Source: http://www.claimsjournal.com, September 30, 2013
By: Burke Coleman
Coverage for defective construction claims under commercial general liability (CGL) policies remains an important and frequently contested issue, and the last year has seen significant developments on the issue.
Courts have taken varying approaches to the question and applied different parts of the CGL policy as they define the legal framework for analyzing the issue. As the landscape changes, insurers, contractors and damaged parties must be aware of the legal analyses and differing a
Last year, the Ohio Supreme Court determined that defective construction itself does not trigger coverage.
Westfield v. Custom Agri Systems
In Westfield Ins. Co. v. Custom Agri Systems, Inc., 2012 Ohio 4712, the court took a hard-line approach and found that faulty workmanship lacks the requisite fortuity to constitute an “occurrence” under the policy. The court reasoned that a CGL policy is not intended to protect contractors against every risk of operating a business and does not insure against the insured’s faulty work itself. Rather, a CGL policy insures only the consequential damages to other property that may stem from that work. The decision forecloses any arguments that defective work itself may be covered, but acknowledges that collateral damage to non-defective property may constitute an occurrence and trigger coverage.…
Source: http://www.mondaq.com, June 19, 2013
By: Edmund Kneisel and Carl A. Salisbury, Kilpatrick Townsend & Stockton LLP
On June 4, 2013, the Connecticut Supreme Court joined a growing number of state high courts to rule that faulty workmanship on a construction project can be covered by commercial general liability insurance policies. The case is Capstone Building Corp. v. American Motorists Insurance Company (the opinion was officially released on June 11, 2013). Capstone answers a question that has been raised and resolved in a great many insurance coverage cases: Whether damage resulting from alleged construction defects and faulty workmanship is an “occurrence” that is covered “property damage” under the products completed operations hazard provisions of a commercial general liability insurance policy?
Three years after completion of a $39 million housing project, the University of Connecticut forwarded a letter to Capstone setting forth a veritable litany of complaints about the construction, which the Connecticut court summarized as consisting generally of four categories of claims: (1) “damage to non-defective property stemming from defective construction,” (2) release of carbon monoxide from improperly vented water heaters; (3) defective work in violation of building codes; and (4) costs of repairing the damaged work. The matter was mediated, resulting in a $1 million settlement of UConn’s claims. However, AMICO denied all coverage, refused to participate in the mediation, and the coverage dispute ended up in litigation in federal district court, which certified the coverage issue to the Connecticut Supreme Court.…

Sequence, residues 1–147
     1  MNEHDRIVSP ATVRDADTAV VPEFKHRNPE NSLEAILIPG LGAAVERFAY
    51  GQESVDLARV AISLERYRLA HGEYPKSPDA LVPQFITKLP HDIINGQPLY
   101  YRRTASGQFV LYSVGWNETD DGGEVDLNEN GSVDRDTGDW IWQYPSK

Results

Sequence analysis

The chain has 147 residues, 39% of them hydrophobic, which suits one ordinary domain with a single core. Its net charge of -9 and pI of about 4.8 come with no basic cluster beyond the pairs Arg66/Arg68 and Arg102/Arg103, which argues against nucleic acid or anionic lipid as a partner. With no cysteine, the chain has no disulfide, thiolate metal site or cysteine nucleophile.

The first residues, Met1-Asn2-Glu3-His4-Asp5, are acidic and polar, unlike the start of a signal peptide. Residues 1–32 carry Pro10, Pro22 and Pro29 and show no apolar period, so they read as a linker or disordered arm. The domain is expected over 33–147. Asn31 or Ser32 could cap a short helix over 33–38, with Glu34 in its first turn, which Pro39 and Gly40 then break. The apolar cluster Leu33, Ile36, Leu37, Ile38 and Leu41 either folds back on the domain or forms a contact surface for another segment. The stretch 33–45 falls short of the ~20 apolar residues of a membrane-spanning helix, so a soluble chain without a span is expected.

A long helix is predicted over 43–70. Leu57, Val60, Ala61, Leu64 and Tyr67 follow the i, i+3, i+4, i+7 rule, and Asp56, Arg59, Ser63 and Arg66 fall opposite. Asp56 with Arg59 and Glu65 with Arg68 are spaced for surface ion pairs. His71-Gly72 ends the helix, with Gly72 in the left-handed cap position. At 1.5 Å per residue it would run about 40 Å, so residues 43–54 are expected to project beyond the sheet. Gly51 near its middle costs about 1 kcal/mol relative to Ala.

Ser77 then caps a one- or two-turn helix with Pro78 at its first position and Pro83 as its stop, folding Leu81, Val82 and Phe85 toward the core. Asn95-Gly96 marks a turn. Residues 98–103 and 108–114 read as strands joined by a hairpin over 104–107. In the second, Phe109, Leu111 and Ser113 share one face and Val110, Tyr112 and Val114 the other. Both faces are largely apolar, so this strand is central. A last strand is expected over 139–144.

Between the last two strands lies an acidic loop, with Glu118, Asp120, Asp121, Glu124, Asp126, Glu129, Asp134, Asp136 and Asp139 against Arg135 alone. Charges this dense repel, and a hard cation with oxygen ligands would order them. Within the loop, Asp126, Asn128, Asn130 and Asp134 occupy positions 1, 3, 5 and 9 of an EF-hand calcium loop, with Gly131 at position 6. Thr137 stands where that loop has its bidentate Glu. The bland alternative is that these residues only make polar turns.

Source: http://www.mcall.com, May 15, 2013
By: Peter Hall
The owner of a power plant in Upper Mount Bethel Township has agreed to stop burning coal as part of a settlement in a lawsuit by two downwind states over air pollution.
NRG Energy, which acquired the Portland Generating Station last year in a merger with GenOn, will shut down two coal-fired generating units by June 2014 as part of the settlement with New Jersey and Connecticut, the company said in a statement Wednesday.…
Source: http://articles.courant.com, November 2, 2012
By: Christopher Hoffman
The developer seeking to build luxury homes on Cedar Mountain agreed in June to pay a $741,000 penalty to resolve more than 600 alleged violations of the federal Clean Water Act nationwide.
Toll Brothers, one of the nation’s largest homebuilders, allegedly failed over a period of years to control runoff from its construction sites, polluting nearby streams and rivers, according to a June 20 Environmental Protection Agency press release.
The alleged violations were concentrated in Virginia and Maryland, the release says.
“The majority of the alleged violations involve Toll Brothers’ repeated failures to comply with permit requirements at its construction sites, including requirements to install and maintain adequate storm water pollution controls,” the release reads.
The settlement covers 370 sites in 23 states, including 13 in Connecticut, according to the EPA website.
Toll Brothers Vice President John F. Lehane acknowledged a problem in 2009 at a site in Prospect, which he said the company responded to quickly after an EPA inspection.
But Lehane said it was “not accurate” to say there were violations at the 13 Connecticut sites. Toll Brothers voluntarily included the sites in the settlement, he said.
Asked why the company would submit the sites for the settlement if there were no violations, Lehane said, “That goes to the terms of the consent decree, and I can’t really discuss the terms of the consent decree because it is not approved by the judge.”…
The insurer that issued the performance bond for a portion of the troubled Interstate-84 construction in Connecticut will pay $17.5 million to settle claims involving installation of defective drains. The payment from the insurer on behalf of the primary contractor for the project will allow the state to begin repairing the defective drains along a three-mile stretch of highway. Many of the defective drains lead nowhere or are clogged with debris, with others connected with substandard, cracked and leaking pipes. The state estimates that it will cost $27 million to repair them. Under the agreement, the state retains the right to sue the contractor for additional funds. The contractor has already been sued by its insurer, who accuses the firm of concealing funds and purchasing luxury cars with company resources.…